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Like the Everything Is Terrible! collective, Eisenstein brandished his youth and weirdness as points of pride. He was not yet 30 when he shot Strike, Battleship Potemkin, and October, and the complex editing of these three films says as much about his curiosity towards the medium as it does any theoretical bent. In these films, Eisenstein frequently cuts from shots of crowds to shots of individuals, from statues to moving bodies, creating an electric charge that seems to run, improbably, through all things. A few weeks ago I wrote about the importance of humor in these early films, much of it based on grotesque portraits of the pre-Soviet ruling class. It’s worth noting that Eisenstein was just grade-school age when the events of Strike and Potemkin take place (he was born in 1898, while the films are set in 1903 and 1905, respectively), meaning the satire of both films derives from a mix of childhood memory and adult rebellion. On the same token, my favorite Everything Is Terrible! clips tend to eviscerate footage from the late 80s and early 90s, when most of the collective were in grade school themselves.
This kind of humor can be liberating. It reminds viewers (particularly those of a certain generation) that the myths they grew up with could be shallow, tasteless, or downright unethical. More importantly, it carries the charge—explicit in Eisenstein, implicit with Everything Is Terrible!—to replace those myths with more constructive ones. In both cases, this moral stance seems to emerge from editing, which allows the filmmakers to literally invalidate one image with another, to encourage a sense of constant regeneration, and to excise bullshit from other people’s rhetoric.Ivan the Terrible (which screens again at the Film Center on Wednesday at 6:00 PM), Eisenstein moved away from his trailblazing montage strategies and attempted to synthesize radical juxtapositions within single shots. Yet its sentiments are just as rebellious as those of Strike, if not more so. Many critics have interpreted the film’s depiction of Russia’s first imperial tsar as a veiled parody of Stalin (who, of course, financed the project). Ivan is paranoid, tyrannical, and obsessed with receiving adulation from gigantic throngs of people. His persona is reflected in the film’s cavernous yet opulent mise-en-scene, which is as stunning as it is laughably impractical (it looks phenomenal on a big screen, incidentally). Like Paul Verhoeven in Starship Troopers (1997), Eisenstein regards imperial power as the ultimate camp spectacle, mocking its monstrous ambition while acknowledging its inherent allure.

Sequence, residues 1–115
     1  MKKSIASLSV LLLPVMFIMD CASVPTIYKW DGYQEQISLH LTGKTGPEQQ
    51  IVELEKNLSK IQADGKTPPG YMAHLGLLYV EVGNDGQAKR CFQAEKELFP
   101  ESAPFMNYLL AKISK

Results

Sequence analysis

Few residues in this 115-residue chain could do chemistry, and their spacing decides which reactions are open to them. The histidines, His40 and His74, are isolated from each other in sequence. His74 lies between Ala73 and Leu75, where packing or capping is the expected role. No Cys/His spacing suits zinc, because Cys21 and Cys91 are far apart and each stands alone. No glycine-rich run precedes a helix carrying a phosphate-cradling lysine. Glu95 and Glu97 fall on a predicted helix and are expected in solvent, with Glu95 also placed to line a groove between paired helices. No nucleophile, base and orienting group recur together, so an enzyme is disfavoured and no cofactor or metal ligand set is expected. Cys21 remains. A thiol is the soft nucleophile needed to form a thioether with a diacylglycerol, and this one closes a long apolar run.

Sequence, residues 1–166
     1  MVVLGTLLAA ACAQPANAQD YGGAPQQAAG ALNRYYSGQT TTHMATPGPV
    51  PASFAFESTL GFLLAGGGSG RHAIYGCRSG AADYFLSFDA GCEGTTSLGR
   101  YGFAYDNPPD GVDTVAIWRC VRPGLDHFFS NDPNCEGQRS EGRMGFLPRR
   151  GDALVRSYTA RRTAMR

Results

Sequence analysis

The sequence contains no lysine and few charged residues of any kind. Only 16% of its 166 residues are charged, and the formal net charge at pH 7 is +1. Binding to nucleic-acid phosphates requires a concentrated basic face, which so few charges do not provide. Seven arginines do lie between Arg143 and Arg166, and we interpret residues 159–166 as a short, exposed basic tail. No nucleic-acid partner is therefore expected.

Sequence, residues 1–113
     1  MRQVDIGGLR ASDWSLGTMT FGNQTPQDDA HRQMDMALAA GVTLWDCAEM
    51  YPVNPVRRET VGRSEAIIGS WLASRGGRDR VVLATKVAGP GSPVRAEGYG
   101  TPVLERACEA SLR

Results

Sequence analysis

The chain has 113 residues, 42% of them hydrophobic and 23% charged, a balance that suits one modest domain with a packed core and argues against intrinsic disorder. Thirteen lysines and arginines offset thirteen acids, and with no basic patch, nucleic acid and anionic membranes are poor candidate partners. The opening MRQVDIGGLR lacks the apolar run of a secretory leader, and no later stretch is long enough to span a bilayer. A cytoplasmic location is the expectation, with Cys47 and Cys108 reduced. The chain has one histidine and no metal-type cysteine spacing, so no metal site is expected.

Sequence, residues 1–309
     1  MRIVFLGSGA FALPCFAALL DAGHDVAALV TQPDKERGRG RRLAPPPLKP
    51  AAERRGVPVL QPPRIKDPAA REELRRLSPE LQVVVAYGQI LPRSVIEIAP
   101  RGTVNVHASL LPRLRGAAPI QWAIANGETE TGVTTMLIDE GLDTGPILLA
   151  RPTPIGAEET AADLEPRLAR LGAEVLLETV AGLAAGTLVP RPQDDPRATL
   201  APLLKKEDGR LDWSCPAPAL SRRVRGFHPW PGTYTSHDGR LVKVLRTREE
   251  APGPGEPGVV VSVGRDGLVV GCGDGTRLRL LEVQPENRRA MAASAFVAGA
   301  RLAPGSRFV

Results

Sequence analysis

Critics have been quick to point out the pervasive campiness of Ivan: Jonathan Rosenbaum compared the film to a Flash Gordon serial; J. Hoberman (in his outstanding essay for the Criterion Collection) posited that the film is, on one level, a perverse tribute to Walt Disney; and Roger Ebert recently argued that it isn’t even “good” according to any traditional standard of taste. Yet I find this deliberate blurring of good and terrible provocative, conveying an artist’s uneasy relationship to political power. I suspect this relationship will continue so long as art remains a vehicle for political ideology.